Jul 6, 2022 - News

Town Talker: Kenyan McDuffie seeks four more years

Illustration of the Wilson building in Washington with lines radiating from it.
Illustration: Brendan Lynch/Axios

In D.C., politicians rarely call it quits.

Council member Kenyan McDuffie suffered a setback after being kicked off the primary ballot for attorney general. But the Ward 5 lawmaker is back seeking four more years, this time as an at-large council member.

Why it matters: McDuffie is now taking on independent at-large council member Elissa Silverman. That likely sets up another proxy fight between progressive forces who power the current officeholder and a catch-all coalition — D.C. organizers not as far to the left, the business community, perhaps even the Green Team — who would like McDuffie to oust Silverman.

  • The race is one of the only competitive contests in November’s general election. Crucially, it will determine if D.C. Council progressives defend their bloc, which is poised to grow after last month's primary wins.
  • Silverman is known for her dogged oversight of District agencies. Her criticisms of the city’s failures in connecting residents in need to jobs have landed her in fights with Mayor Muriel Bowser.
  • She is also a formidable incumbent. In 2018 she won an eye-popping 90,000 votes for her second term.

What I’m hearing: McDuffie calls himself a “pragmatic progressive” — a term that’s catching on more and more in D.C. for those who aren’t as far left as Silverman and her allies, particularly on fiscal matters and mayoral control of education.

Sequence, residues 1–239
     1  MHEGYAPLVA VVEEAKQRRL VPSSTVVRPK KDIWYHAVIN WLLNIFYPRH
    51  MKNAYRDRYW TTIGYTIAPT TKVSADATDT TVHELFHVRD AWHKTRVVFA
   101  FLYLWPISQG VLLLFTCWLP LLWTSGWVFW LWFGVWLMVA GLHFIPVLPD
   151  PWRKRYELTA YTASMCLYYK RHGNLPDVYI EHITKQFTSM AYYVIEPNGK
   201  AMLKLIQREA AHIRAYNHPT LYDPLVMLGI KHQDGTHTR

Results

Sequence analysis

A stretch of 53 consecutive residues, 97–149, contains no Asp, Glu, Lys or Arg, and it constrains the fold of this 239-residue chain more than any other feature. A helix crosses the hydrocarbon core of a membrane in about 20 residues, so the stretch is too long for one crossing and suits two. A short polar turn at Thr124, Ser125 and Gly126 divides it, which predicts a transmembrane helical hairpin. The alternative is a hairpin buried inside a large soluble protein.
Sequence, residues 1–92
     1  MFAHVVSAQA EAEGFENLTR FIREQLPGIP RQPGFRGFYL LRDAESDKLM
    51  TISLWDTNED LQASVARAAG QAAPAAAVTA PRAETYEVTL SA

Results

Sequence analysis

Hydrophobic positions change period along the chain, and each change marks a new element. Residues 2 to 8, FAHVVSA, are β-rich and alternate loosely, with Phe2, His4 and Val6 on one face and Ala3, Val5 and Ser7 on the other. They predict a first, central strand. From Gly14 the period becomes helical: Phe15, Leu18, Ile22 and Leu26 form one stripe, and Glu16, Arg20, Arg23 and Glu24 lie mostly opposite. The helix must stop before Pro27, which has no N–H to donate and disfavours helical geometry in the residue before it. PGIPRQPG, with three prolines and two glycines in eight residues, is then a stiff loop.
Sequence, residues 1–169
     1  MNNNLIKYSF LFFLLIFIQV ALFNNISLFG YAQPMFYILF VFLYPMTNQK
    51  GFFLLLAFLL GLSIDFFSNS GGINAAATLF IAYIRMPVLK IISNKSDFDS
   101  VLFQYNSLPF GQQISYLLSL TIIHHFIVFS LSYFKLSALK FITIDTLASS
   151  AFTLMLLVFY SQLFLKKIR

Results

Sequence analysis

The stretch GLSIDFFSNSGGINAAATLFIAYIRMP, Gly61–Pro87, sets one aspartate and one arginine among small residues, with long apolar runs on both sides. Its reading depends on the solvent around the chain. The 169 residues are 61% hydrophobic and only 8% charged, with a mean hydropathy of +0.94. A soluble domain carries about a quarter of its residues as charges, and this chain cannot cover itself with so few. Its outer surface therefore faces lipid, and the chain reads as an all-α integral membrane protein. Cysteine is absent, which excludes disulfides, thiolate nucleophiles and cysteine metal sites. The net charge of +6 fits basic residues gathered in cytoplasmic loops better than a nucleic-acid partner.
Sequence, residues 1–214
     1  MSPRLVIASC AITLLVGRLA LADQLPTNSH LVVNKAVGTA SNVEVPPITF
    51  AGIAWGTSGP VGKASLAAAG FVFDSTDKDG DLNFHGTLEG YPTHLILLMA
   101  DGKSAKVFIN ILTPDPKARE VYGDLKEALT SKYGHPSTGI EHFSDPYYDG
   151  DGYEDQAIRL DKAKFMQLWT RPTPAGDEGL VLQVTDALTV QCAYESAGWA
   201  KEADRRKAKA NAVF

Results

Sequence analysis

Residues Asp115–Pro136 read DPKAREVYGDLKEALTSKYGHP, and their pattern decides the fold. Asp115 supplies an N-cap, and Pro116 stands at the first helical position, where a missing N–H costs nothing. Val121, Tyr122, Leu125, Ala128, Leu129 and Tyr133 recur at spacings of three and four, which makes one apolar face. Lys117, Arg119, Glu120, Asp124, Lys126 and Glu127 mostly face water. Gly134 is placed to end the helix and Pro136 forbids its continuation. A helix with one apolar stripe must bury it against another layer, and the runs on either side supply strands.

• “I have been one of the most effective legislators on the council,” McDuffie tells me, referring in part to his sweeping work on criminal justice reform. “I think the contrast will be clear.”

Be smart: Confusingly, there are two at-large seats up for grabs in the November election. But one is almost assured to go to the Democratic nominee, who is Council member Anita Bonds.

  • That essentially makes Silverman’s seat the competitive contest.

McDuffie, who switched from Democrat to independent to seek the seat, joins four other challengers to Silverman. They include longtime D.C. government worker Karim Marshall and business community stalwart Graham McLaughlin.

Since McDuffie already ran this election cycle using public campaign financing, he is ineligible to use public dollars again for fundraising. He says he is in the process of returning those public funds for his defunct AG campaign. He will have to use traditional fundraising, which has largely fallen out of favor in D.C. elections due to the perception that business interest donors gain sway with politicians.

What’s next: For her part, Silverman believes “ward members have a very limited name recognition outside their ward.” She says she plans to poll the race within the week using the firm Public Policy Polling.

Silverman became a bit of a powerbroker after polling the Ward 3 D.C. Council race and accelerating lefty coalescing behind the eventual victor, Matt Frumin.

💬 Town Talker is a weekly column on local politics. Drop me a line about what your friends are chatting about: [email protected]

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